Despite its fame, this is one of the smaller national parks of Kenya, covering a bit over 14500 square km. The map shows it as the small tip of the grand Serengeti park in neighboring Tanzania. It compensates however through population density, especially when it comes to wildebeests. Man are there many of those roaming through the park! In the two days we spent there I had the impression they made up >90% of the total head count. I really wondered what makes them so much more successful than other large herbivores like zebras, impalas and buffaloes. Anyway, our Kenyan friends recommended going to this park because July is when the great migration takes place and we’d have a good chance to see it. A very good chance as it turned out. 😉
Day 2 (cont’d): we were quickly rewarded for the long and extra bumpy drive when we saw a small group of elephants soon after entering the park. We’d see far more afterwards, but the first sighting is always exciting.
There used to be far greater numbers of elephants in the park but tens of thousands have been killed for their tusks, nearly being wiped out in the 70’s. Kenya has since set aside large natural conservation areas, with a successful business model for attracting tourists. Poaching hasn’t stopped completely though, because demand for ivory is (infuriatingly) still strong. We read that in 2014 alone 179 elephants were killed by poachers in the park, a rate at which there will be none left in the Maasai Mara by 2025.
If you think that’s bad, consider that every day about 100 African elephants are killed by poachers every single day. I somehow thought this would soon be a thing of the past, but the reality is that poaching is as gruesome as widespread as ever. This NY Times article from 2012 explains how the surge in demand from China is financing heavily armed rebel groups. Even the military of some African countries are involved in poaching and then smuggling blood ivory.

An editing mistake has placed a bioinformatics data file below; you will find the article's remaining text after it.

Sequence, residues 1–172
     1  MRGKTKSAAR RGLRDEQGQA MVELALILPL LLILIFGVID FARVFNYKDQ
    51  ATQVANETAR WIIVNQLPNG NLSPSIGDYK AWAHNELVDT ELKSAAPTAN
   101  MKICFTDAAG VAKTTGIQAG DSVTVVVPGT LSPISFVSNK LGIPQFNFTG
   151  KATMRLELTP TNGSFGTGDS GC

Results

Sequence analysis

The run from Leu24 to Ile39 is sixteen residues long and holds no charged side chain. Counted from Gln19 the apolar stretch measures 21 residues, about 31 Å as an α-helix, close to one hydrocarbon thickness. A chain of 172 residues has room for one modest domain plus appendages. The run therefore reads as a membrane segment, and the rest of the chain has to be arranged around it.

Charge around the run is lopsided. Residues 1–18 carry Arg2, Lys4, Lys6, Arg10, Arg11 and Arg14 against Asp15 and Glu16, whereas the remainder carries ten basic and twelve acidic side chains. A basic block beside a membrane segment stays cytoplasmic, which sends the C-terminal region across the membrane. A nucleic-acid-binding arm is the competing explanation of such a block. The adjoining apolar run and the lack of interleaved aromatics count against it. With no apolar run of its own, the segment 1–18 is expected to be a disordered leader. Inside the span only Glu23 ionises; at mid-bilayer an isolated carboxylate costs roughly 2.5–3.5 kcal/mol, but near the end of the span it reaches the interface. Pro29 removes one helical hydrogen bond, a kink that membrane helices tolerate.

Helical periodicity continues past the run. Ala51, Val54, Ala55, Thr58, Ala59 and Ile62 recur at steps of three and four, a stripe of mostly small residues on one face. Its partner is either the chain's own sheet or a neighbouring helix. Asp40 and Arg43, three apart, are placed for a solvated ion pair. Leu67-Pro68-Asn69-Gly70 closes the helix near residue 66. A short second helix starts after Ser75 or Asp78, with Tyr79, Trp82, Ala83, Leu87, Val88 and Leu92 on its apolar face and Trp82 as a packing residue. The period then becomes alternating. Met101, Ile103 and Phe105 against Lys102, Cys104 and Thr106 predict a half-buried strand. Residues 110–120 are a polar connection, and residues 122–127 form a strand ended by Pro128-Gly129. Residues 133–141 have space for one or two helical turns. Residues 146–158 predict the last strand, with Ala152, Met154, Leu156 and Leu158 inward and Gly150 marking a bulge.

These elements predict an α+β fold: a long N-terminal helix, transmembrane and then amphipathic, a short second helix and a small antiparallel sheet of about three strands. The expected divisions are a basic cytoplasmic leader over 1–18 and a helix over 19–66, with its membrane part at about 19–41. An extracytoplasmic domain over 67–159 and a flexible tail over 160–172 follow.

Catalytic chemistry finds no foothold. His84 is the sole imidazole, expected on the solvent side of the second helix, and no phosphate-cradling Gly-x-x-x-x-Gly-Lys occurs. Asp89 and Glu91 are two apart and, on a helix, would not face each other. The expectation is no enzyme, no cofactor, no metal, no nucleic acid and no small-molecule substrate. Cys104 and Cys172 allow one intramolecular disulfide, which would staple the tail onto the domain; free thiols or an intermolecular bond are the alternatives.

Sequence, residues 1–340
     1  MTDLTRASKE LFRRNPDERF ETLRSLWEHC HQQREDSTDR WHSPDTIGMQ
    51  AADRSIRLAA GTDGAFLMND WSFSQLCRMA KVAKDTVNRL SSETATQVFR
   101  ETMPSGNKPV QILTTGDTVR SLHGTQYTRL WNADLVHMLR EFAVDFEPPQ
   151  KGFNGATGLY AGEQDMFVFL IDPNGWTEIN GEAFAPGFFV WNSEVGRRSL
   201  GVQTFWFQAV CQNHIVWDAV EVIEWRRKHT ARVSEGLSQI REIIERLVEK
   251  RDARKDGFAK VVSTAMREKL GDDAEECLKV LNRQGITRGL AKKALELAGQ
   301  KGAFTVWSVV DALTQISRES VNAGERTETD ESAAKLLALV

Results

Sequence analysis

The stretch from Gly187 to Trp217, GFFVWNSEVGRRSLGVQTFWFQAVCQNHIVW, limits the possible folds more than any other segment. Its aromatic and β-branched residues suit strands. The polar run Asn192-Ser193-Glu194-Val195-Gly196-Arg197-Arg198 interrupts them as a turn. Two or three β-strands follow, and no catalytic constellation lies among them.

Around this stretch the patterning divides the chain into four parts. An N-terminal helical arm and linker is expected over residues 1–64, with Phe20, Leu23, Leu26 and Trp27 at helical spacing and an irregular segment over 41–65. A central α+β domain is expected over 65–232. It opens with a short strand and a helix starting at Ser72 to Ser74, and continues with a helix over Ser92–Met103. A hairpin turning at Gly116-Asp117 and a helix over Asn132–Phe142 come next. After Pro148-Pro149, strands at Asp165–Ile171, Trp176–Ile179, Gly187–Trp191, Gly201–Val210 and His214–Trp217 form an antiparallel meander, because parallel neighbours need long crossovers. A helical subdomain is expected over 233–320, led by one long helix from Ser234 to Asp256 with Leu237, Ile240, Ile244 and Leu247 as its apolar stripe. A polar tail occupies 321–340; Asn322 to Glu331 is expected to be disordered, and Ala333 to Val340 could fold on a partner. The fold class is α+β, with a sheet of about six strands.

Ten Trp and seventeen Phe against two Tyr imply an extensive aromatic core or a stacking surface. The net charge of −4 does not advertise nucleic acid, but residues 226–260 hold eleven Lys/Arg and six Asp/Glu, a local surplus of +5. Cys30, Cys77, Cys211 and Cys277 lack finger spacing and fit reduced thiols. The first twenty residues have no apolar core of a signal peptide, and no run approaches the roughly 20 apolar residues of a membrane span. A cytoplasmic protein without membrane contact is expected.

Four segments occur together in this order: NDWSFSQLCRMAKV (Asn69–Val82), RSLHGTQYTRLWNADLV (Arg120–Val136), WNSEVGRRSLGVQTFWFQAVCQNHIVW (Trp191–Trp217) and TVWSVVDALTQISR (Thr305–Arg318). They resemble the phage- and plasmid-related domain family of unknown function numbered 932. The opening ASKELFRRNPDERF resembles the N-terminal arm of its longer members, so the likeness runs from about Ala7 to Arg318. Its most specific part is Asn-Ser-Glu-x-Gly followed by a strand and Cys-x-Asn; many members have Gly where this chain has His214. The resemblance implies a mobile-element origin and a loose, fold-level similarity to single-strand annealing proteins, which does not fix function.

“It’s like the drug war,” he said later. “If people keep buying and paying for ivory, it’s impossible to stop it.”
This is the kind of thing that really makes my blood boil. I don’t know how to explain this mix of anger, sadness and frustration. Why would anyone want to buy objects made essentially out of keratin, knowing how the material is obtained?
There’s some good news too – the Kenyan government has recently made its stance very clear by burning 172M $ worth of ivory. This is the fourth time they’ve burned a large stockpile, and by far the largest. I was surprised at first, thinking in simplistic economic terms that it would drive the price up and encourage poaching. But stopping ivory trade requires firm sociopolitical action first and foremost. This thorough article from The Guardian explains why it makes a lot of sense.
Back to our story. We drove straight to the lodge but still saw many animals on the way, including elephants and a couple of giraffes. Have to admit we mostly paid attention to mammals but there are of course also lots of birds in the park, including ostriches, hawks, vultures and the remarkable crested cranes, “immigrants from Uganda”. Bird watchers will not be disappointed.